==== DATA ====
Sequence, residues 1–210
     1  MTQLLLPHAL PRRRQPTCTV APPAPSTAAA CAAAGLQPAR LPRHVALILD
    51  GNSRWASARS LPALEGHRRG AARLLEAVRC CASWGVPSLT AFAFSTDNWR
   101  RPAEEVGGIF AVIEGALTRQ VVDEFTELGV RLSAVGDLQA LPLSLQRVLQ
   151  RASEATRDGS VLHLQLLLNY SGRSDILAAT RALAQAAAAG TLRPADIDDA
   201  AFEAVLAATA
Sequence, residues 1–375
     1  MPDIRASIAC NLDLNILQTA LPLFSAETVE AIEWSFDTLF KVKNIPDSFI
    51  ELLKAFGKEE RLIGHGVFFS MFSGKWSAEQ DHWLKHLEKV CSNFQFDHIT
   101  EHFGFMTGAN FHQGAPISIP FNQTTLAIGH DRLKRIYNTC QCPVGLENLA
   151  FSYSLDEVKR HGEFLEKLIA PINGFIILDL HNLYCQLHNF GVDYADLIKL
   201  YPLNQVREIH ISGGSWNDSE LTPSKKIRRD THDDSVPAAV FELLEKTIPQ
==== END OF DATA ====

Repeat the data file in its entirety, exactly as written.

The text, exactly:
Sequence, residues 1–210
     1  MTQLLLPHAL PRRRQPTCTV APPAPSTAAA CAAAGLQPAR LPRHVALILD
    51  GNSRWASARS LPALEGHRRG AARLLEAVRC CASWGVPSLT AFAFSTDNWR
   101  RPAEEVGGIF AVIEGALTRQ VVDEFTELGV RLSAVGDLQA LPLSLQRVLQ
   151  RASEATRDGS VLHLQLLLNY SGRSDILAAT RALAQAAAAG TLRPADIDDA
   201  AFEAVLAATA
Sequence, residues 1–375
     1  MPDIRASIAC NLDLNILQTA LPLFSAETVE AIEWSFDTLF KVKNIPDSFI
    51  ELLKAFGKEE RLIGHGVFFS MFSGKWSAEQ DHWLKHLEKV CSNFQFDHIT
   101  EHFGFMTGAN FHQGAPISIP FNQTTLAIGH DRLKRIYNTC QCPVGLENLA
   151  FSYSLDEVKR HGEFLEKLIA PINGFIILDL HNLYCQLHNF GVDYADLIKL
   201  YPLNQVREIH ISGGSWNDSE LTPSKKIRRD THDDSVPAAV FELLEKTIPQ